7. The reasons given by S.K. Datta. J. in support of his opinion that 'Section 25 is applicable to all decrees which a Court under the Hindu Marriage Act is entitled to pass including decrees of nullity of voidable or void marriages' may be summarised as follows :

(i) Section 25 gives to the Court the power to grant permanent alimony and maintenance at the time of passing any decree or at any time subsequent thereto. The expression 'any' has been used in the widest connotation without any limitation and the provisions of the section would, therefore, apply to all the various kinds of decrees permissible under the Act.

(ii) As a matter of public policy. In the context, of social condition prevailing in a Hindu society. Section 25 ought to be made applicable to cases where decrees of nullity have been passed.

(iii) It is a cardinal rule of interpretation that a statute should be given a meaning which is in harmony with its relevant provisions and consistent with the object which it seeks to achieve. Applying this principle of interpretation and having regard to the 'intended object' of the Hindu Marriage Act which was to secure to the parties to a marriage 'rights which are beneficial to them in the present context of social relations', the provisions of Section 25 must be held to apply to the wife or the husband as the case may be.

8. Section 25(1) of the Hindu Marriage Act 1955 empowers a Court exercising jurisdiction under the Act to make an order under the section at the time of passing 'any decree' or at any time subsequent thereto. 'Any decree' would apparently include all possible decrees under the Act. The provision, however, has to be read as a whole to see if it contains any other word or expression limiting the application of the provision. One apparent qualification seems to be that an order passed under the section directing payment of alimony or maintenance shall remain in force 'while the applicant remains unmarried'. This would seem to suggest that the operation of the section was restricted to cases where a party was in a position to contract another marriage and would exclude decrees for restitution of conjugal rights and judicial separation from the scope of the section. It has however been held by a Division Bench of the Guiarat High Court in the case of Harilal v. Lilavati, : AIR1961Guj202 , that it would not be correct to read in the expression 'while the applicant remains unmarried' the legislature's intention to restrict the operation of the section only to decrees of nullity of marriage and for divorce but that the operation of the expression should be confined to those cases only where it is applicable, that is, to cases where the applicant is in a position to contract a lawful marriage. In coming to this conclusion their Lordships observed : 'The intention was not to restrict the powers of the Court in granting permanent alimony and maintenance to an extremely limited class of cases, namely where the Court had passed a decree for divorce or of nullity of marriage .....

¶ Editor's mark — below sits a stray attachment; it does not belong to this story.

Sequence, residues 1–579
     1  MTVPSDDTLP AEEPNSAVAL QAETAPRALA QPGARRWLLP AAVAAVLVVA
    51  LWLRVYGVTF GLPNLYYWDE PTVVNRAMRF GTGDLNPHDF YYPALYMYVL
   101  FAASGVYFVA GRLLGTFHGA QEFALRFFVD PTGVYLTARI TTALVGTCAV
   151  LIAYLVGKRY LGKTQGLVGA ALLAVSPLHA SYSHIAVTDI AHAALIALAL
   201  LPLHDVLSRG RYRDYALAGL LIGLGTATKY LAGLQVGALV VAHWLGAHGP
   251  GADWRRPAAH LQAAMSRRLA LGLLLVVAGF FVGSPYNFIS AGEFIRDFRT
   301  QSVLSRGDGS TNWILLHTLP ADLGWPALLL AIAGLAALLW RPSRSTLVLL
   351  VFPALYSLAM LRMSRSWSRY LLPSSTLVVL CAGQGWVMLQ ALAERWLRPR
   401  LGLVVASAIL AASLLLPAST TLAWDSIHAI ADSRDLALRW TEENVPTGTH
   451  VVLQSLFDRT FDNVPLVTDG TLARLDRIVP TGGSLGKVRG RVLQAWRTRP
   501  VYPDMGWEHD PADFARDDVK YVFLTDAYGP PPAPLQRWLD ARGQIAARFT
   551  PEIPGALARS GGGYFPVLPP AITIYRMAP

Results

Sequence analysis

The words 'any decree' would not have been used if it was the intention of the legislature to restrict the operation of the section only to cases where a decree for divorce or of nullity of marriage was passed. The power was intended to be exercised at the time of the passing of any of the decrees referred to in the earlier provisions of the Act or at any time subsequent thereto'.